For all their accessibility, the records of the information age are both uniform and utilitarian in appearance. A manuscript stored as a computer file on a floppy disk reveals little about its creator or the circumstances of its creation.
By contrast, the documentary record compiled before computers carries with it the feel of history. Read a letter by one of the University's most famous alumni, Edgar Allan Poe, or examine the original manuscript of Walt Whitman's Leaves of Grass, and you experience a connection that is impossible to re-create with today's more impersonal media.
The Special Collections Department of the Alderman Library is one of the nation's foremost repositories of these precious documents. The department's world-famous collection of American history and literature is built around two collections contributed to the University: the McGregor Library, which contains accounts of travel and exploration in the Western Hemisphere from the fifteenth through the nineteenth century, and the Barrett Library, the most valuable donation ever made to the University, containing every work of literature published in the United States between 1775 and 1875.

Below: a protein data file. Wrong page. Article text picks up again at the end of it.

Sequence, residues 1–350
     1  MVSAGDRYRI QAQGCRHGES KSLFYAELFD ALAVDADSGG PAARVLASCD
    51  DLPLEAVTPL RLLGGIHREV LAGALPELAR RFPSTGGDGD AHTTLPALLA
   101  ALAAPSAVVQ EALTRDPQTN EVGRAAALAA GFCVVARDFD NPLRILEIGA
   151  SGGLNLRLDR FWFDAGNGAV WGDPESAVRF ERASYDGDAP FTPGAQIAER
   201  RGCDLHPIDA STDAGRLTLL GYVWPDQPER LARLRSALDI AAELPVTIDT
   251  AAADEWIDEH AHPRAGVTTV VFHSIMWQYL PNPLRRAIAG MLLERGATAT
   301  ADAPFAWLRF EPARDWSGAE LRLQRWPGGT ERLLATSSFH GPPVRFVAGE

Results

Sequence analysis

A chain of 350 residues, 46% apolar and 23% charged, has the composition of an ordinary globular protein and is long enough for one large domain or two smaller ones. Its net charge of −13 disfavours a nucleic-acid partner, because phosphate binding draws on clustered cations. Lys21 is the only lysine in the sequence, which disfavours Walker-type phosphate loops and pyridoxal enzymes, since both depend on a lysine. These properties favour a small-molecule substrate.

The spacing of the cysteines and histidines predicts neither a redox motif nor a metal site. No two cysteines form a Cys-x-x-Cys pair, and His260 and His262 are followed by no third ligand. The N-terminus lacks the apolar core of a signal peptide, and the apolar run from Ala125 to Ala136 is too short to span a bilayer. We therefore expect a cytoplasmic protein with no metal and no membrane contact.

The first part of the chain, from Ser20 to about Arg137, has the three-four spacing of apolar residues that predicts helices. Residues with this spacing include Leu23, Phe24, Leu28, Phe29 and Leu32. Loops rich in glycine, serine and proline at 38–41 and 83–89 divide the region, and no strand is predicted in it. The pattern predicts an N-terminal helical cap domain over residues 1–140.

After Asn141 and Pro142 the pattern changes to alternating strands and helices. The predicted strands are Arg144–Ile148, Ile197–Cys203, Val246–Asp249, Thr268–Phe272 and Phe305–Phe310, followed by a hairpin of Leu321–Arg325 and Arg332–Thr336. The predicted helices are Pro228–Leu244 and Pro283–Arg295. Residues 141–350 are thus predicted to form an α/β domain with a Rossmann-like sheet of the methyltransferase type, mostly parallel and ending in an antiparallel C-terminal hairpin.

Alderman Library also specializes in Virginia authors and Virginia family papers, such as the Lee family of Virginia, with their rich sources of Revolutionary history. Efforts made in recent years to add collections on the history of African Americans in Virginia and the South have led to the acquisition of the papers of the Southern Elections Fund, which was established in the late 1960s to provide assistance to progressive Southern political candidates.
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